The 40 percent excise tax applies to employer-sponsored health plans in excess of $10,200 in premiums annually for individuals, and $27,500 for families. The Cadillac tax was supposed to take effect in 2018, and employers now have two more years to phase in changes or face the consequences. Insurers are responsible for paying the tax on fully insured plans, while the administrator of the plan — you or the coverage provider — is responsible for taxes on self-funded plans.

Broad-Based Support

Many economists co-signed a letter to Congress asking them to keep the Cadillac tax in place. Economists support the tax because when companies limit their coverage, copayments go up. This discourages people from getting care for frivolous concerns. Considering the health care tax exclusion reduces federal revenue by more than $250 billion each year, you can see why the economists pegged high-cost health care plans for cost reduction.

The IRS provided some guidance on how the tax will work as recently as July 2015. More guidance will follow as the effective date nears. It’s a complicated process, as these benefits represent a major shift in tax policy. Employers have traditionally written off the cost of providing health care coverage to employees; this is already changing.

The Cadillac tax, Obama administration officials wrote in The New York Times in 2013, will help combat the “hugely regressive” federal subsidy for employer-backed health insurance. They explained that the rich receive nearly triple the financial benefits from the tax exclusion than those with lower incomes because they’re taxed at a higher rate and tend to have more expensive health insurance.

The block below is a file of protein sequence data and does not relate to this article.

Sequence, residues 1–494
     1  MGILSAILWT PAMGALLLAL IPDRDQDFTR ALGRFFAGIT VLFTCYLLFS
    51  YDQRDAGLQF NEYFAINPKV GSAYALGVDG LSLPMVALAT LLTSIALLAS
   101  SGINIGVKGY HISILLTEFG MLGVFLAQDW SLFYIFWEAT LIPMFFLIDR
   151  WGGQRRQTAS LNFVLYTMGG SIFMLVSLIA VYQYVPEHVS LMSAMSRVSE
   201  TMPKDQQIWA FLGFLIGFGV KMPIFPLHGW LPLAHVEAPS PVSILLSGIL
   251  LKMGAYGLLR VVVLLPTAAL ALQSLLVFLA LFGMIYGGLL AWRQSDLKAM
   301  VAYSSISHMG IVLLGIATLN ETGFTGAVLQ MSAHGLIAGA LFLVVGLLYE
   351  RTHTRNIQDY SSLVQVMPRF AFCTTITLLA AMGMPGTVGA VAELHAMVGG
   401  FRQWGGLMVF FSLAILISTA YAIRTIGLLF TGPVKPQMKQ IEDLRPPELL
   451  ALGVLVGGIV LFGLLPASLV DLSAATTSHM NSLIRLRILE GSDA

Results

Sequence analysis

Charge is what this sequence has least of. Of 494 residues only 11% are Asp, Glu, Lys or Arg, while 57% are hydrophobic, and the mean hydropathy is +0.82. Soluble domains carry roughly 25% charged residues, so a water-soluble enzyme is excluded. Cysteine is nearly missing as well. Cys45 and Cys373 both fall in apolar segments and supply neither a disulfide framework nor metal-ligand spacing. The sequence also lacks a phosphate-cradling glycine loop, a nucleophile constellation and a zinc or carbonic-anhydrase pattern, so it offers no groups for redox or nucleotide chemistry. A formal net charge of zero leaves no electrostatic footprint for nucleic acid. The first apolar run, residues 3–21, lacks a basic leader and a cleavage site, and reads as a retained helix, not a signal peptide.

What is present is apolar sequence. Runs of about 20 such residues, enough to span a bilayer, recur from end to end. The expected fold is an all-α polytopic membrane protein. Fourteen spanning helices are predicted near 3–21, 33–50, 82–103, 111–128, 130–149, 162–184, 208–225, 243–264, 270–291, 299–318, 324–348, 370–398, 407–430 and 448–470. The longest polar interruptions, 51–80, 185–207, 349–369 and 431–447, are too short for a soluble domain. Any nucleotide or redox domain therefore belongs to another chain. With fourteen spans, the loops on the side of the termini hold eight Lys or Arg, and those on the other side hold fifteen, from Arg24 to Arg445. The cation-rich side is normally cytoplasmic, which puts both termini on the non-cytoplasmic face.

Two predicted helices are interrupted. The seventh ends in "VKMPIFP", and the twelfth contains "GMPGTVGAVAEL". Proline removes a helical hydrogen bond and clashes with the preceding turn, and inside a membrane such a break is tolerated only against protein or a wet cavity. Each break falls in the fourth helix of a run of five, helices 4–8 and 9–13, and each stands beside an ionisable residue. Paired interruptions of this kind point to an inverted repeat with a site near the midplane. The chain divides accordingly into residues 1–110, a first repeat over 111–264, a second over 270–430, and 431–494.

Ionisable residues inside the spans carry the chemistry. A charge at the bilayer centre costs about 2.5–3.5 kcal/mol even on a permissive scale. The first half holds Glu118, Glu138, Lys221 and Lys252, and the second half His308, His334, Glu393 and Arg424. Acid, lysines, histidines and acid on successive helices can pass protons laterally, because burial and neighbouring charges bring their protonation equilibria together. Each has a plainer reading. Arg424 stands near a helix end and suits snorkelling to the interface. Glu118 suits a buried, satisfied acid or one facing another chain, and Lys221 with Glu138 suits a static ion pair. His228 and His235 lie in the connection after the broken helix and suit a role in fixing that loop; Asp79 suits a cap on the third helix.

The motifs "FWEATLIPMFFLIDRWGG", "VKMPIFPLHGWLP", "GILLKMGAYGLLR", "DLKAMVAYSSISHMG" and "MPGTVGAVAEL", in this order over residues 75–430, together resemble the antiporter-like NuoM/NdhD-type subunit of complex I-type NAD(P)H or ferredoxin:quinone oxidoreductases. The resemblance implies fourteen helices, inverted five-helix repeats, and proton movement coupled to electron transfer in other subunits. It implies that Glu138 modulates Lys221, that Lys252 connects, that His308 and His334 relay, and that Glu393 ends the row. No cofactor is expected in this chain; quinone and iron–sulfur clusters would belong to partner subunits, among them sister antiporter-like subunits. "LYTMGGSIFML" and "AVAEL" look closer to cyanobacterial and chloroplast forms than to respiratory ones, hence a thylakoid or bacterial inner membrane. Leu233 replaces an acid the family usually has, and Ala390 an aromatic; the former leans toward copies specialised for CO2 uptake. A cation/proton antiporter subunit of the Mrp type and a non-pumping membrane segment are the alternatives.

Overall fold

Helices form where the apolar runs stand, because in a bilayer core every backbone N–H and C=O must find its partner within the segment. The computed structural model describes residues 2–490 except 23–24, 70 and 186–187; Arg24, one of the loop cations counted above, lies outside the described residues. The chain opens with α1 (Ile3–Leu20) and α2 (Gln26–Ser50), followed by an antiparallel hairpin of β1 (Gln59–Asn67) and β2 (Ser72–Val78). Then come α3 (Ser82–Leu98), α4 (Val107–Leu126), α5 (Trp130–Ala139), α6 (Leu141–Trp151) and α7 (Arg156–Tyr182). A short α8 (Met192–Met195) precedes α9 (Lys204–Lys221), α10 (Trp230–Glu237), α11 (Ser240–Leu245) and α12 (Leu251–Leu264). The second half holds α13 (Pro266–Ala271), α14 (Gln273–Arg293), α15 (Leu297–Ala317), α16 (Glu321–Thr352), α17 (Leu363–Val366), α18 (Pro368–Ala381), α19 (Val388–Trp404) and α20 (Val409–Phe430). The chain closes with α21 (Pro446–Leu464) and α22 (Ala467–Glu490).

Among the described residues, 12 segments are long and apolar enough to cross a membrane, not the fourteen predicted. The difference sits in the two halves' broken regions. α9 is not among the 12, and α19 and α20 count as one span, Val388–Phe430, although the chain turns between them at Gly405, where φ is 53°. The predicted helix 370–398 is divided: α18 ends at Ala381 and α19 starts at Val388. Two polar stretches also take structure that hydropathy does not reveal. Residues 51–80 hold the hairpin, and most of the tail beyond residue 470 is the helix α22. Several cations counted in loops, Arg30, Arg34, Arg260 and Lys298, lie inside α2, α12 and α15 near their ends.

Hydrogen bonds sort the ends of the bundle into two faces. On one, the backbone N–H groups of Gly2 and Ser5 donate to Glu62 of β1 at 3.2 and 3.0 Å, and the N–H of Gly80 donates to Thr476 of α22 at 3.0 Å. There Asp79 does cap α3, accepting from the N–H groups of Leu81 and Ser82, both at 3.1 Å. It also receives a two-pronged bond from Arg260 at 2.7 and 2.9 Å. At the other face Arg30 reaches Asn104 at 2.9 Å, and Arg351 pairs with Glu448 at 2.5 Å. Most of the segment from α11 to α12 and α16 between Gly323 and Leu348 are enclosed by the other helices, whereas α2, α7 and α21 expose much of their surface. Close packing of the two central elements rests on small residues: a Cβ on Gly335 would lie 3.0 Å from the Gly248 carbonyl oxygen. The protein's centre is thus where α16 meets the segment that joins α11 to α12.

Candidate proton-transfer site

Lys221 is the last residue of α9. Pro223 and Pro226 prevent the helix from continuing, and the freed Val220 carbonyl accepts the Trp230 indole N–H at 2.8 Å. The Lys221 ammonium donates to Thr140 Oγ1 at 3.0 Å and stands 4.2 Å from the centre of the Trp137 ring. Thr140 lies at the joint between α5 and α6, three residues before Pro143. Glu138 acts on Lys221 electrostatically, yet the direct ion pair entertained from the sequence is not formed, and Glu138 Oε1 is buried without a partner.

On the Other Hand

According to the nonpartisan Kaiser Family Foundation, the tax will hit more than just traditional health insurance. It also applies to:

  • Health savings accounts
  • Flexible spending accounts (Includes money workers save tax-free for medical expenses)
  • Supplemental insurance plans
  • On-site clinics set up for workers may also be included

Looking to the Future

While many employers have already been making changes to their health care plans, it may be only a temporary reprieve. Congress linked the tax threshold to the consumer price index plus 1 percent, even though medical costs typically grow much faster. Medical costs are expected to grow an average of 5.6 percent over the next decade, while inflation will increase by about two percent per year.

This means that over time, more companies will be subject to the Cadillac tax. This has raised concern, likening the Cadillac tax to the alternative minimum tax. Originally aimed at the very wealthy, the excise tax could trickle down the income ladder opponents say.

Many look at overly generous insurance as shielding beneficiaries from costs, which encourages them to use more services and drives up prices for everyone else. It’s also a matter of fairness, some say, because forgoing taxes on health care benefits amounts to a major break for those with jobs offering coverage.

No matter how you look at this, it bears further consideration: Your employees are watching as well. Whatever changes you make to your employer-sponsored coverage, it’s wise to phase in changes gradually.  Know where you stand now and in the future so you’re prepared, and your employees won’t be caught off guard by a substantial jump in premiums one year.

Be sure to stay in touch with your CPA and financial adviser, who can keep you updated on changes. In the meantime, contact us with your questions.